How would you answer the following question:
Do software developers write software for Windows because
a) Windows is REALLY cool and hip
b) Microsoft creates a great environment in which to write applications
c) 90% of all PC users use Windows
d) Microsoft understands and looks after 3rd party software developers
e) Windows users understand that paying for software provides much needed support for their favourite tools and utilities
My answer: “f) All of the above (except a)”.
What’s my point? Well, it’s a convoluted answer to numerous, very complimentary, requests to port FileLocator Pro to the Mac. Usually I reply something along the lines of “We don’t have the resources to support multiple platforms with minimal market share”. But it’s not as simple as that.
Our automated test system has discovered bugs, often just before a big release, more times than I’d care to admit. It’s an invaluable tool and one recommended by most modern development methodologies. However, I’m not a fan of methodologies in general. Let me preface that with a little bit of personal history…
Back in 1994, while working for a bank in London, I was asked to come up with a specification standard that could be given to any old ‘monkey’ and would produce reliable results. Management were fed up with the code quality and productivity disparities through-out the development teams.
Yesterday Jasenko, one of the developers here, noticed that our newest components weren’t working in ‘Safe Mode’. Since Safe Mode simply runs the component in a separate process by specifying CLSCTX_LOCAL_SERVER instead of CLSCTX_INPROC_SERVER this had us all quite confused. This used to work seamlessly. On closer inspection it appears that the default settings generated by Visual Studio 2008 are to blame.
Two extra changes are now required for out of process activation to work:
I just found this while debugging an issue:
if ( isConfigured() )
if ( isAllowed() )
I can’t tell you how many times I looked at that before I saw where the problem was. My brain was so used to following styling hints to see control of flow that it didn’t notice that the actual true flow was different from the visual flow. @*&^!
As with most other kids in the 1980s I grew up programming in BASIC. Variables weren’t strongly typed they just held values. Type mismatches were reported at runtime with the ‘Type mismatch at line xx’ error. If you wanted to start running a different piece of code you could simply GOTO whatever line you wanted. BASIC was a great language to learn programming in, you were in charge and the computer did the best to keep up.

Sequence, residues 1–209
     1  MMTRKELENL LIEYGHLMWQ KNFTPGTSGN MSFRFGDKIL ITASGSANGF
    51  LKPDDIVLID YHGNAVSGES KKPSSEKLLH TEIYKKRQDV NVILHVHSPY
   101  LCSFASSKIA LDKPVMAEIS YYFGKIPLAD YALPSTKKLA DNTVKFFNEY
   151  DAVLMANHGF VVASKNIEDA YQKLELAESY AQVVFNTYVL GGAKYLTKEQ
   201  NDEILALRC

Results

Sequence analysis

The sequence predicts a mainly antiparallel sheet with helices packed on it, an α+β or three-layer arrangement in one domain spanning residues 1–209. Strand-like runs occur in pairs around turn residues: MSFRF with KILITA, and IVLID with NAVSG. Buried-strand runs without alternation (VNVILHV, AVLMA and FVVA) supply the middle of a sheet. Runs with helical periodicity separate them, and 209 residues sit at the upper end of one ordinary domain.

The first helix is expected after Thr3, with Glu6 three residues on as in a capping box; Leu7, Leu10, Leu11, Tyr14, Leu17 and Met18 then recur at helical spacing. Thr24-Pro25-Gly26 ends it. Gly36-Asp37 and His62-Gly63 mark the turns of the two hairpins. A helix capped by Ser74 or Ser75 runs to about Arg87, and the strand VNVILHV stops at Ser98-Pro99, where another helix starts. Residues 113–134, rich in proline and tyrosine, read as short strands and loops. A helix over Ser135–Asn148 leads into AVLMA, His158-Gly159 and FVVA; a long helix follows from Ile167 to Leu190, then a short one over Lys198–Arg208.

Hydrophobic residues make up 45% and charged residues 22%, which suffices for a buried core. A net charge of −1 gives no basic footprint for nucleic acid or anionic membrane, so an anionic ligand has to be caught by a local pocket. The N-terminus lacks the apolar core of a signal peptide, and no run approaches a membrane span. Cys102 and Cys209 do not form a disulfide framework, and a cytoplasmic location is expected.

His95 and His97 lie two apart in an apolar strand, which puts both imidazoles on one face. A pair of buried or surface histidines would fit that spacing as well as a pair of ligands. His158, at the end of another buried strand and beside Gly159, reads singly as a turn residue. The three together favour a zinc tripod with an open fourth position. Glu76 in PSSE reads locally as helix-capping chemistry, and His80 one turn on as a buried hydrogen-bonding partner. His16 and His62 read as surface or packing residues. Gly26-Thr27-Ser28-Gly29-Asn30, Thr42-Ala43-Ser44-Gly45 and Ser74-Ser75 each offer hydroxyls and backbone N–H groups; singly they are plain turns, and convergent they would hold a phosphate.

Pascal on the other hand was something quite different. Pascal didn’t just run (at least the version we used didn’t), it needed to be compiled first. Variables needed to be declared ahead of time with their type specified before you even used them! No longer could you just jump around the code, instead you had to split the program up into functions and carefully control how they interacted. I hated Pascal. I preferred 6502 assembly (with an instruction set so limited there was no multiply operator) to Pascal.
I spend a lot of time moving between C++ and C#. Fortunately the languages are different enough that it’s not too difficult switching between using concepts such as stack allocated objects in C++ and garbage collected objects in C#. However, if I’m not concentrating I do run into trouble when coding in Managed C++ since I expect it to generally behave just like C++, just with access to .NET classes.
Managed C++ is really cool but it has a couple of gotchas. The one that has bitten me more than once is the difference between destructors and finalizers. To make sure that I don’t fall into the trap again I’m going to elaborate on what is a very long comment in one of our source code files.
In standard C++ you would write something like:
I’m currently in the process of moving all our source over to Visual Studio 2008. Most of our 3rd party libraries compiled right out of the box. However, the excellent Boost library was not so simple.
Boost has quite a complex build process that automatically discovers your compiler and builds the library with almost no user interaction. Unfortunately the current release of Boost (1.34) does not recognize VS2008 and the build process will only pick up older versions of the compiler. Fortunately once you know what files need to change it’s not too difficult to add a new compiler to the build process.
For anyone else who’s trying to compile Boost with VS2008 the link below contains the files I updated to fix our build process.